Keywords: ABO blood groups, Cardiovascular disease, Cancer, Hypertension, Infectious disease, Malaria

Nanobiosensors: application in healthcare, environmental monitoring and food safety

Qaisar Mahmood1*, Shahida Shaheen2, Muhammad Azeem1

1Department of Biology, College of Science, University of Bahrain, Sakhir 32028, Bahrain

2Department of Environmental Sciences, Kohsar University, Murree, Pakistan


This review article summarized the diverse kinds of nanobiosensors along with their uses in healthcare, environmental monitoring, and food safety, while also defining present challenges and opportunities for future investigation and augmentation. In healthcare, for instance, they have been employed for glucose monitoring, cholesterol detection, antibiotic monitoring, and the production of new types of antibiotics that are effective against resistant strains. This enables a highly efficient method that is both accurate and reliable when detecting biomarkers. Nanobiosensors have been overwhelmingly successful in aiding in environmental monitoring. With its ability to effectively screen groundwater, detect pollutants, and monitor toxicity, this emerging technology has become a force to be reckoned with for detecting hazardous substances. Similarly, the food industry has seen remarkable benefits from nanobiosensors as well. The use of nanobiosensors for dynamic food safety monitoring enables prompt detection of dangerous foodborne pathogens and spoilage issues while providing real-time data on the quality of consumables. Even though nanobiosensors possess enormous potential, there are still numerous limitations to overcome.

Keywords: Nanobiosensors, Healthcare, Environmental monitoring, Food safety, Diagnosis, Monitoring, Antibiotics, Pollution

A review on stingless bee (kelulut) honey composition and its contribution to quality of honey products

Muhammad Nur Shazwan Jamzuri, Muhammad Amirun Che Hassan, Fisal Ahmad, Amir Izzwan Zamri, Muhamad Fauzi Mahmud, Shamsul Bahri Abdul Razak, Tuan Zainazor Tuan Chilek*

Faculty of Fisheries and Food Science, Universiti Malaysia Terengganu, 21030 Kuala Nerus, Terengganu, Malaysia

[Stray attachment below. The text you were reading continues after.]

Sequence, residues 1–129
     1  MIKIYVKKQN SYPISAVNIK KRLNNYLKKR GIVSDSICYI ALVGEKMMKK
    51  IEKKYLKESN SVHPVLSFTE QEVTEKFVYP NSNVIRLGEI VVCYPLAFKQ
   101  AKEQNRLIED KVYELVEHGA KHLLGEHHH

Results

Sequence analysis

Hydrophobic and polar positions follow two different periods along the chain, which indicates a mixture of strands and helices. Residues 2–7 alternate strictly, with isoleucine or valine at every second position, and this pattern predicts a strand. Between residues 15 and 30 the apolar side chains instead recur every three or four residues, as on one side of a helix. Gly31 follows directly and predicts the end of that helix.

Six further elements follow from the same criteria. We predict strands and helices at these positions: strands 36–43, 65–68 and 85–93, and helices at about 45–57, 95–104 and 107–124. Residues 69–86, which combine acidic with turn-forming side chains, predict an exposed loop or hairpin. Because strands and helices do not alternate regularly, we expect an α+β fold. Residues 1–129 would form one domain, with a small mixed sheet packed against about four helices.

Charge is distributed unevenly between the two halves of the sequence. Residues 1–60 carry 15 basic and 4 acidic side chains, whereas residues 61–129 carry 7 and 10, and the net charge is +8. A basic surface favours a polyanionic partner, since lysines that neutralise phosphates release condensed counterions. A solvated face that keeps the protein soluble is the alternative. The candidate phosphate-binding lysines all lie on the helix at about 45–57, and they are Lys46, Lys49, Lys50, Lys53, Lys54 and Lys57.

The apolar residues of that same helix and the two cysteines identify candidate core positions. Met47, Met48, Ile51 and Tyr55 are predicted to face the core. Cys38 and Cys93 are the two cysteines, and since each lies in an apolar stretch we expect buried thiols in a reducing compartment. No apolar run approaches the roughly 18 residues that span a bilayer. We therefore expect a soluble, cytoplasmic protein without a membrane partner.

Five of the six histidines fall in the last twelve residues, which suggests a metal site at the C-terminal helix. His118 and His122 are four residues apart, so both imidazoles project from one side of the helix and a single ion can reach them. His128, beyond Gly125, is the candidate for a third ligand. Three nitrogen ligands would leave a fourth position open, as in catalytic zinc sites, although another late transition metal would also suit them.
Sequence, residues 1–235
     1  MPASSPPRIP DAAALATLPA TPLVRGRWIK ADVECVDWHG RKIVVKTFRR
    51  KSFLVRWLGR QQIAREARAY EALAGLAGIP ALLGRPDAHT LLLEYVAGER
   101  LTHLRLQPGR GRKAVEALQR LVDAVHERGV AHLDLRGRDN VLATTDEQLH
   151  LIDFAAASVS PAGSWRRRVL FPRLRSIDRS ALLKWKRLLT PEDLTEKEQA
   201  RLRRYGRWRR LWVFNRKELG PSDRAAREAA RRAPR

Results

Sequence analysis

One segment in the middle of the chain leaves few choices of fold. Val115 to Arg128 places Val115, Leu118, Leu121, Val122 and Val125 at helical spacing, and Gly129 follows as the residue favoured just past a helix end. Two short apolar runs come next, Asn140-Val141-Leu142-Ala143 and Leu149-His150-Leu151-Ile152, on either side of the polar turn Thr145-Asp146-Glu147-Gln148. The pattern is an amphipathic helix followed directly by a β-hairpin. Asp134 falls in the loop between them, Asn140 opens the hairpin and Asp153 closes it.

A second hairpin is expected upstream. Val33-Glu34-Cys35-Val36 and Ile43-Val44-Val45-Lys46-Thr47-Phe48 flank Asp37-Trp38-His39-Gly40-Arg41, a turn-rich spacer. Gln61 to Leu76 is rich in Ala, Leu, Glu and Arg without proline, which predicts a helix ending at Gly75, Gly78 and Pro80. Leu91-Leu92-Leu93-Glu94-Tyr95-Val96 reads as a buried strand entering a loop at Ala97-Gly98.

The kelulut farming industry in Malaysia has experienced exponential growth, driven by the increasing demand for kelulut honey, which can be attributed to the widespread dissemination of information about its benefits. Previously, many researchers worked out on factors responsible on improving the quality of honey. However, the data of honey as a food ingredient and its functions is lacking and should be retrieved in order to have a clear picture on the importance of the specific composition of honey-based products.  The composition of kelulut honey such as sugar contents, acidity, antioxidants, water content, minerals and Hydroxymethylfurfural (HMF) play an important role in determining the quality of kelulut honey. The illustrious Malaysian Standard MS2683: 2017 was firmly established with the noble objective of safeguarding the pristine purity and unparalleled excellence of both raw and processed kelulut honey, assuring their unwavering compliance with the exalted guidelines and unrivalled standards set forth. Generally, the utilization of kelulut honey as a preservative in food products are not fully discovered yet. In addition, the presence of good bacteria such as Lactic Acid Bacteria (LAB) contributes to a special attribute in kelulut honey. However, kelulut honey is also highly susceptible towards harmful bacteria such as Bacillus cereus, Escherichia coli, Staphylococcus and Shigella as reported in previous work. This may occur due to inappropriate handling of the kelulut honey during harvesting. Furthermore, kelulut honey as food ingredient which contains antibacterial value is very useful and can be used in food preservation due to its function in prolonging the shelf life. Therefore, the shelf life of honey and honey-based products are related with the composition, handling practice and the method of storage implementation throughout the food supply chain.